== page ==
In conjunction with other consequential imbalancesl, , especially those of body/step >1, particulars/generality >1 and order of things/Nature of Things >1, we find ourselves trying to solve problems while unbalanced and with a weak grasp. What would that combination of imbalance and weak grasp portend for a monkey about to leap from one tree to another? What does it portend for us? To strengthen our grasp and bring ourselves into balance (: in Accord with the Nature of Things, ), we must develop needed capabilities. Ergo: (NF => F). For that, the generalities of the Nature of Things which dictate those needed capabilities (and capacities for them) tell us to approach needed functionality and with that functionality developed then compose step structures (i.e., behavioral molecules) for which configurations serve. Starting from Stage 1, from before the fact and not just from after the fact, not from where we are now (see the Vermont farmer:) … that now from where needed-but-absent functionality may be invisible (our vision blocked and/or not strong enough).

We do know, according to and with realization of the Nature of Things, something about what we don’t know. We need to make use of that in producing appropriate minding technologies – the full panoply: tools, procedures, tool (using) procedures and procedural tools. The four-stages of consequentiality perspective on functionality (see above) provides such a procedural tool. This is a map we need always have with us.

How do we proceed?

First of all, see that the 4 stages of consequentiality (above) constitute a P=>S mapping. Not only that, they offer a map whose emphasis is decidedly on suggesting the path toward solving the behavioral problem (:Pbeh), retrieving it from negligence and negligible inclusions, here and there, more or less, in this or that situational problem (:Psit). This mapping is akin to the diagram for App. XVI, which points up the continent emergent materiality (CEM) aspect of history – and which can also be usefully seen as a P=>S mapping. It, like the 4 stages of consequentiality, has the Nature of Things for its foundation, with the contributions toward human progress of composition, cognition, communication and community as capabilities given prominence. Both are clearly maps for the World of Possibility. Then too there is the more geographic P=>S mapping in the diagram for App. XII, which indicates the erosive slopes down (:Sp, Ps) and the precipitous slopes up:S-P, P) for getting ahead in the quality of life, advancing our QL-point via problem solving.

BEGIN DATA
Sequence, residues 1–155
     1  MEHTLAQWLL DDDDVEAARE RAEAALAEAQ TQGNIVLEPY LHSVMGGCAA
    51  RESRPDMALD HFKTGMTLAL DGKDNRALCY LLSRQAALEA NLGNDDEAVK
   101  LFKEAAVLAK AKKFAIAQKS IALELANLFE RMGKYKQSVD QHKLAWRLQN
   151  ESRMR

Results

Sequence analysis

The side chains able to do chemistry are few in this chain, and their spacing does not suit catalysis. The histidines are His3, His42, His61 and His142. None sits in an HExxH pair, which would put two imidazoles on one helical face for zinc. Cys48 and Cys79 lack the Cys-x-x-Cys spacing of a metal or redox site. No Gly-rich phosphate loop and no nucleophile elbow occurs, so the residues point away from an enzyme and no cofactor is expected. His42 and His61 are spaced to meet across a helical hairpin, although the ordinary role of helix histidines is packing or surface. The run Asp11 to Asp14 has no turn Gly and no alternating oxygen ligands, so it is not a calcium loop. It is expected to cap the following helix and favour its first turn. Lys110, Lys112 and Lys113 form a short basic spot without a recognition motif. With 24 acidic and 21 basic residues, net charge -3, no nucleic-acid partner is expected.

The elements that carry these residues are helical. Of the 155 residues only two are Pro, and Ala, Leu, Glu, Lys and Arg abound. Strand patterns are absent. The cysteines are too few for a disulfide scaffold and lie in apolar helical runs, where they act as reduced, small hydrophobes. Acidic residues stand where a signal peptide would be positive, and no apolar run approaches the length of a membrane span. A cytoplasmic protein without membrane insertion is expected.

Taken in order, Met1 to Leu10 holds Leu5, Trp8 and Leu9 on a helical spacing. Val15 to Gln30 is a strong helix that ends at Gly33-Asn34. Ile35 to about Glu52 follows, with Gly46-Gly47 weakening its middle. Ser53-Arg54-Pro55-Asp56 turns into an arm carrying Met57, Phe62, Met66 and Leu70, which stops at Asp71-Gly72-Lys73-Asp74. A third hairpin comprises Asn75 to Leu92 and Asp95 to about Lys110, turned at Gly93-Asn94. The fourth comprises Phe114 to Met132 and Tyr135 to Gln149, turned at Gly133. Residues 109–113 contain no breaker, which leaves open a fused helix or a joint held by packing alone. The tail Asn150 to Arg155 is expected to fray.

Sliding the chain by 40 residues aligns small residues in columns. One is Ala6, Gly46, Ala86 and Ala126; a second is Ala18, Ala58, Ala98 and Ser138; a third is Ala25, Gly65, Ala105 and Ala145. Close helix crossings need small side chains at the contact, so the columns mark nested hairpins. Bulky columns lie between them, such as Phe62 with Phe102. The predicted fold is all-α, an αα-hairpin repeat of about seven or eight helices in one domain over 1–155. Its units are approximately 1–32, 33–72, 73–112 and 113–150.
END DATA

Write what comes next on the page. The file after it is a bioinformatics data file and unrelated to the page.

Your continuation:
(The four stages of consequentiality [abbreviated as “NofT’s => NF => F => S => F”] could be nominated as the banner for any constructive revolution. More prosaically, however, it is enough to see it as the broom that each household, of self and/or selves, should possess for sweeping out its behavioral debris … in company with the conventional straw broom now possessed for sweeping out its entity debris. Dust, crumbs et al are not the only pollution.)

BFPS offers us a platform for these and other mappings. Some of the leverage we need may be available, interestingly enough, if we re-examine message practices and technology in the light of all four stages of consequentiality – not just as they are in Stage 4 (e.g., as in its computer-assisted Internet splendor) but also as they might and ought to be (i.e., needed functionality, especially re communication, cognition, composition and community capabilities) – in the light of BFPS. The latter asks what a BFPS message theory looks like. (See) What then of message technology in that light? What remains to be invented or reinvented? Does P => S mapping, the mid-term memory domain – all four stages of functionality respected, when developed via technology, hold promise of a new world of vocations, manufacture (of products and services) and employment as well as of other solutions to improve the human condition?

From where do we proceed?

Community as needed collective behavior, as for capability to solve our most recalcitrant problems (: P), seems obvious given the 4 stages of consequentiality. For lack of a biological body, community as behavioral entity necessarily starts from needed functionality in consequence of the Nature of Things. Community has an unavoidable behavioral problem. The behavioral problem has not been all that well examined, let alone solved. Principles inherent in the Nature of Things have not been grasped and then involved even though applicable requisites and imperatives are central to developing agency capabilities of compositional change’s “all that it takes”.